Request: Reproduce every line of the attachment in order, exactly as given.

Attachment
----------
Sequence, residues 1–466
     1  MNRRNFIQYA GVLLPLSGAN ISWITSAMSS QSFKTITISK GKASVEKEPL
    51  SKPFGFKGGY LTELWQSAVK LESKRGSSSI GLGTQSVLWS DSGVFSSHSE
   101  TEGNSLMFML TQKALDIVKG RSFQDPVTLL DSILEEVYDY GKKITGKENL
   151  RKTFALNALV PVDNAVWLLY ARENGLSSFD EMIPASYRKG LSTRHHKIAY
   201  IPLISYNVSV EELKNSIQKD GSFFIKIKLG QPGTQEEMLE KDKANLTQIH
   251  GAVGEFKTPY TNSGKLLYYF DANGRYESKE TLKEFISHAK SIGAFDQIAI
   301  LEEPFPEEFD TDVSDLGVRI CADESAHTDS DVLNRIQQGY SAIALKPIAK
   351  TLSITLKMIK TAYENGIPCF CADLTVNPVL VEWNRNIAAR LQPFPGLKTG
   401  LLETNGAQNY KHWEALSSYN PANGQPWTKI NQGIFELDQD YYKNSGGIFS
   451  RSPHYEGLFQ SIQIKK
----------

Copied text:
Sequence, residues 1–466
     1  MNRRNFIQYA GVLLPLSGAN ISWITSAMSS QSFKTITISK GKASVEKEPL
    51  SKPFGFKGGY LTELWQSAVK LESKRGSSSI GLGTQSVLWS DSGVFSSHSE
   101  TEGNSLMFML TQKALDIVKG RSFQDPVTLL DSILEEVYDY GKKITGKENL
   151  RKTFALNALV PVDNAVWLLY ARENGLSSFD EMIPASYRKG LSTRHHKIAY
   201  IPLISYNVSV EELKNSIQKD GSFFIKIKLG QPGTQEEMLE KDKANLTQIH
   251  GAVGEFKTPY TNSGKLLYYF DANGRYESKE TLKEFISHAK SIGAFDQIAI
   301  LEEPFPEEFD TDVSDLGVRI CADESAHTDS DVLNRIQQGY SAIALKPIAK
   351  TLSITLKMIK TAYENGIPCF CADLTVNPVL VEWNRNIAAR LQPFPGLKTG
   401  LLETNGAQNY KHWEALSSYN PANGQPWTKI NQGIFELDQD YYKNSGGIFS
   451  RSPHYEGLFQ SIQIKK